People in Manhattan are often dedicated to their jobs and careers to the point that they’re not aware of their rights under federal employment law. One such right is the Family and Medical Leave Act. It’s important for employees and employers to know the details of the law, what the rights are and how it functions. FMLA provides employees who meet the eligibility requirements to have unpaid time off from work for certain family and medical reasons. It also provides guidelines for employers. Employees’ jobs are protected while they are off.
Certain employers are subject to this law. These are private sector employers who have 50 or more employees with 20 or more workweeks in the present or prior calendar year, a public agency that is Federal, state or local entity — it doesn’t matter how many employees this entity has — and a public or private elementary or secondary school — it isn’t important how many employees the schools employ.
Employees who are eligible for this leave are those who work for what is referred to as a covered employer. These employees have been employed for at least one year, have worked at least 1,250 hours during the previous year before the leave and works in a location in which the company or business employs a minimum of 50 people within 75 miles of the locations. It is not necessary for the year to include 12 consecutive months.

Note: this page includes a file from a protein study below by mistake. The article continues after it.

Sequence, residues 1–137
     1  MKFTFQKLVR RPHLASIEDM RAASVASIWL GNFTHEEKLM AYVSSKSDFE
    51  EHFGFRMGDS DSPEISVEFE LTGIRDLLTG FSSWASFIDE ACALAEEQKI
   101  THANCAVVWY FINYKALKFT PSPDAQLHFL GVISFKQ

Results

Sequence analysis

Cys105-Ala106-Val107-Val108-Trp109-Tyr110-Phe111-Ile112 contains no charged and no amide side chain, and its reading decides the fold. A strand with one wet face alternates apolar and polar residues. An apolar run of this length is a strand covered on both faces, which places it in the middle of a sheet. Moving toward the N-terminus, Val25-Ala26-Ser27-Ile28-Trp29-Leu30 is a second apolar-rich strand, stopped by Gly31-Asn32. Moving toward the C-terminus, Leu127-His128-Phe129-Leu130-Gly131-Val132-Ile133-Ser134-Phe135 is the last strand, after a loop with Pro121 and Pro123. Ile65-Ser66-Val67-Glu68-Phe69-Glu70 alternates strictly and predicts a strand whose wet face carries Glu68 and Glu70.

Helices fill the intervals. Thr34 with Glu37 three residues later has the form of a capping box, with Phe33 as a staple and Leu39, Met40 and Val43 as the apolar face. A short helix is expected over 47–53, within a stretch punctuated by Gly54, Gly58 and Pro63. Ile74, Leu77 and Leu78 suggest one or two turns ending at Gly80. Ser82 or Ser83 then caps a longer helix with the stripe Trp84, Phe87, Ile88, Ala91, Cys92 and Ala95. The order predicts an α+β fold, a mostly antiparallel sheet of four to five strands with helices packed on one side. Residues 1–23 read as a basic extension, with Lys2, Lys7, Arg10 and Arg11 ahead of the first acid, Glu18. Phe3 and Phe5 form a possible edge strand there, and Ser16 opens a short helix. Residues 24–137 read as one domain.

Employees are allowed to take as many as 12 workweeks off in a year if there is — the birth of a child or a child is adopted, to provide care for a relative — a child, spouse or parent — who is seriously ill, has a health problem that leaves the employee unable to do the person’s job or has a urgent need that stems from a close relative who is in the military. The worker is allowed to take six months worth of work off in a year to care for a service member who has an illness or serious injury.
Employers are required to give information regarding FMLA to their employees or they will be in violation of applicable employment law. When there is a breach in employment regulations and FMLA is not adhered to or if employees make unsubstantiated claims, pursuing or defending employment litigation can be achieved with help from a legal professional experienced in FMLA cases.
Source: Department of Labor, “Fact Sheet #28: The Family and Medical Leave Act,” accessed Jan. 14, 2015